Although Bean has not yet submitted his 2002 budget proposal, he has met with Skowron to discuss ways to remedy the shortage of personnel.
Bean has already cancelled leave time for the firefighters. He will grant leave time only if the firefighter can get someone to work the shift for him.
His first recommendation is to hire a full-time firefighter to fill the sixth shift position. However, Bean will also be proposing in his budget to fund three additional firefighters to maintain three firefighters on each shift. He is recommending these firefighters be hired for April 1, 2002.
The chief said having three on each shift will result in a minimum of two on duty seven days a week, 365 days a year. Hiring the additional firefighters will assure adequate coverage when a firefighter takes leave time for sickness, injury, or vacation time.
Bean is also considering implementing mandatory overtime to insure full shift coverage, even though he’d “prefer to cover it with voluntary shift coverage.”
Finally, Bean is proposing to hire three more firefighters in 2003.
The chief explained the minimum number of responders is five per fire call, which can include a mix of full-time firefighters and call personnel.
“We’re very short,” said Bean. He said there are fewer people responding to everyday incidents. “For major fire calls, we’re more successful.”
Bean said there’s always a safety issue. “But the risk is higher with less persons to respond.”
[ 10-23-2001: Message edited by: 9C7 ]
Sounds like they need more people...Question -- Why are Cities and Towns that have career staffing so hesitant to hire the proper staffing ? I see this all over the country....Just wondering :confused:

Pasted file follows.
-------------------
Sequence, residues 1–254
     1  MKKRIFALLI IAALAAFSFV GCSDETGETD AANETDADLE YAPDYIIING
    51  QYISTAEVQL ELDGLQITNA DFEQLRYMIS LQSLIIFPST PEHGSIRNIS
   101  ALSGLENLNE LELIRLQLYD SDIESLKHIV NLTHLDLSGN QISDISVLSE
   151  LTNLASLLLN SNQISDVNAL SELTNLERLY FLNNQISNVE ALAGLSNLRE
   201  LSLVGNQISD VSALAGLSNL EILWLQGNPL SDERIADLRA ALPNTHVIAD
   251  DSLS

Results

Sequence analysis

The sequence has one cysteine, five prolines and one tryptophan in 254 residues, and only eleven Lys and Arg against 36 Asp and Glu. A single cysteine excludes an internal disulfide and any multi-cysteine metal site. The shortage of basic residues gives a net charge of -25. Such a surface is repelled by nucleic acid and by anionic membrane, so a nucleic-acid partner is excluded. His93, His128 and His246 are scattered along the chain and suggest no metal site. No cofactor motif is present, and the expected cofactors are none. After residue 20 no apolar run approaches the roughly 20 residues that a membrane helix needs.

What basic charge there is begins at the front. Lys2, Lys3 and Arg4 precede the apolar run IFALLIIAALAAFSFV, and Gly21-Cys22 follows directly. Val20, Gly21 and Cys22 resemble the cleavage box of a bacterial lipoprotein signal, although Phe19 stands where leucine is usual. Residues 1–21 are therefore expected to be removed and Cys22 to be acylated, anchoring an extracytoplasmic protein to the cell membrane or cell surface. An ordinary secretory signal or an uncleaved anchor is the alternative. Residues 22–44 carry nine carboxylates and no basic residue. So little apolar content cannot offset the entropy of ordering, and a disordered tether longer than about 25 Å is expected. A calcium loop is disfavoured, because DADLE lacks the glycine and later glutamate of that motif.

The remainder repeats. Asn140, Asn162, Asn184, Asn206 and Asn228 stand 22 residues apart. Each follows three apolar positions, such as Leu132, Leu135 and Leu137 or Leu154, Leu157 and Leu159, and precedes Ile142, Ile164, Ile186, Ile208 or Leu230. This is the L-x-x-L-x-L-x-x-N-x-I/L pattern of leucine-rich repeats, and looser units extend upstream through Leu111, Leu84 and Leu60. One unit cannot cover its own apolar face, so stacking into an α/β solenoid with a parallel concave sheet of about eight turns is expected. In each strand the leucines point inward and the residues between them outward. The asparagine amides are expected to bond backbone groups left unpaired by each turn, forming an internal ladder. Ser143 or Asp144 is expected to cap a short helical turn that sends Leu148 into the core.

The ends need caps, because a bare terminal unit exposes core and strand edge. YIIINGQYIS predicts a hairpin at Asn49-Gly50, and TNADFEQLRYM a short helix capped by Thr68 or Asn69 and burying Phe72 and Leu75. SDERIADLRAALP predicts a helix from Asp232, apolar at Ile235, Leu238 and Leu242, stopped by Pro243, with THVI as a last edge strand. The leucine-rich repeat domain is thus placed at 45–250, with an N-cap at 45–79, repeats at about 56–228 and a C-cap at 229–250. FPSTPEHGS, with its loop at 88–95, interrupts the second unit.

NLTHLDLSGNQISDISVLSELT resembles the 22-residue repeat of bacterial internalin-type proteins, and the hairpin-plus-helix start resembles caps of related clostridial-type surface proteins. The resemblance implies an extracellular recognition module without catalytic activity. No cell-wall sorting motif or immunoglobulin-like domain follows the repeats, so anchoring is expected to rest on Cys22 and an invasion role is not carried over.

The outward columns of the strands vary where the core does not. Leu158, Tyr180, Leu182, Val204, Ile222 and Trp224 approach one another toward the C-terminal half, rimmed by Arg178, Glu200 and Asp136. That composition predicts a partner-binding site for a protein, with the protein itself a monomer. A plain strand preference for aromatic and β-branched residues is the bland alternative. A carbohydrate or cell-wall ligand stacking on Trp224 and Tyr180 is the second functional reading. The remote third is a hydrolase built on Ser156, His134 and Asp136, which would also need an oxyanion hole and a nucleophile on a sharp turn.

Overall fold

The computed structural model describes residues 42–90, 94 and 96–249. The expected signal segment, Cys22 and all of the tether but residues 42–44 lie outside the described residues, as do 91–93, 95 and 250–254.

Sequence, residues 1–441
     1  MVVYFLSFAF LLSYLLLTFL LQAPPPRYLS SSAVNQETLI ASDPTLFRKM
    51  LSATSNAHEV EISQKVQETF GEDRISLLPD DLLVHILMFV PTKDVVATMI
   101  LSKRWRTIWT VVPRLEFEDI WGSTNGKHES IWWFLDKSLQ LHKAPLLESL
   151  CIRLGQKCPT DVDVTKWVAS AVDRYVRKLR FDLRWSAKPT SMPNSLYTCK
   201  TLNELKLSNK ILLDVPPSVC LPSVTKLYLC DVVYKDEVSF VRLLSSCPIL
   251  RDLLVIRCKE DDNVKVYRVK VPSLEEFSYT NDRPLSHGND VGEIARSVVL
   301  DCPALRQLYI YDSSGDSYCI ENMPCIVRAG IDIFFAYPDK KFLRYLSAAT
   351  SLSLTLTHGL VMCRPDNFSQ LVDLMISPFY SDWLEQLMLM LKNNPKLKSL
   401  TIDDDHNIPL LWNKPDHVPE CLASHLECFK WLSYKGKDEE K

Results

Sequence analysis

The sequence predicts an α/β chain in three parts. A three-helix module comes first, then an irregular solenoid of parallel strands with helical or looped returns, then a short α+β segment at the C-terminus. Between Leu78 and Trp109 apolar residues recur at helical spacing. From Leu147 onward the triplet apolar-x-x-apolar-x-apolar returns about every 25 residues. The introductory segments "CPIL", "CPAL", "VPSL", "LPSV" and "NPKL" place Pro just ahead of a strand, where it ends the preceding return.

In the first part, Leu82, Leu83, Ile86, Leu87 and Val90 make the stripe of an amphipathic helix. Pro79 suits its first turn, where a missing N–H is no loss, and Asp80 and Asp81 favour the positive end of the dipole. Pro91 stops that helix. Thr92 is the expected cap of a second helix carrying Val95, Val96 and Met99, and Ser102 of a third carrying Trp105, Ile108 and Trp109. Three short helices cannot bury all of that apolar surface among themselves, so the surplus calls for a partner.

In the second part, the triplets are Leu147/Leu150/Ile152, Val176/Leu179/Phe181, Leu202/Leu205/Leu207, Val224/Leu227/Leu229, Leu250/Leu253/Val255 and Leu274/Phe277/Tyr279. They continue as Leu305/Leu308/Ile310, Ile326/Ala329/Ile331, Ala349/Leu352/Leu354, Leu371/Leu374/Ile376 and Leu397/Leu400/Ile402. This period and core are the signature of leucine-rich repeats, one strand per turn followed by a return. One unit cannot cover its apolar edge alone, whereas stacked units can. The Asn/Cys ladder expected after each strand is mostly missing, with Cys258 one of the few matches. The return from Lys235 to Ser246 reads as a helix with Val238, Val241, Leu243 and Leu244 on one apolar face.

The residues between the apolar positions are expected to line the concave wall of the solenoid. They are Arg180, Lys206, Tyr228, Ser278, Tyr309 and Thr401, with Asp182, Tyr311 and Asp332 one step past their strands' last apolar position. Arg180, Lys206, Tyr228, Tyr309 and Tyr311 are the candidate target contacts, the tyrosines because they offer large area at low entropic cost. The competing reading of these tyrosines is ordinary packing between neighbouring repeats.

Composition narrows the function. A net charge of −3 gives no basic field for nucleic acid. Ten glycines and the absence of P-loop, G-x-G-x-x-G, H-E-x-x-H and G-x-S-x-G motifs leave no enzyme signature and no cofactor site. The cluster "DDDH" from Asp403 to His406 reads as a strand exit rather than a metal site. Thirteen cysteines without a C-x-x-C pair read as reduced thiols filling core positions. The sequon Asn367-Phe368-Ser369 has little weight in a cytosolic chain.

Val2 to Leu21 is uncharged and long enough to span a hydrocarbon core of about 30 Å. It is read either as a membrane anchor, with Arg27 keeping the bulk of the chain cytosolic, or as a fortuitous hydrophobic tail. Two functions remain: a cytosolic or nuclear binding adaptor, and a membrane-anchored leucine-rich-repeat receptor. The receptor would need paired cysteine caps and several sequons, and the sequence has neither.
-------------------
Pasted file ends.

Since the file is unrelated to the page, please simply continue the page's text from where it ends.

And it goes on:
To answer your question simply.
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We have several small towns around here where I live (Just South of the N.H> border) and the town residents adn more specifically, the town selectmen, don;t want their taxes to increase. These are the first people to bitch though when the truck isn't there fast enough for their liking, though all the towns do a pretty damned good job on getting out the door, still around 3 - 4 minutes for a combination department after hours. They all seem to think and I quote "Aren't there 10 of you guys sitting at the station waiting to get a call?"
I think a lot of it is that a lot of people move out of the bigger cities, her it is Worcester and Boston, and are used to 24 / 7 coverage and think that they are getting it when they move to these small bedroom communities that are growing faster than they can support. :rolleyes: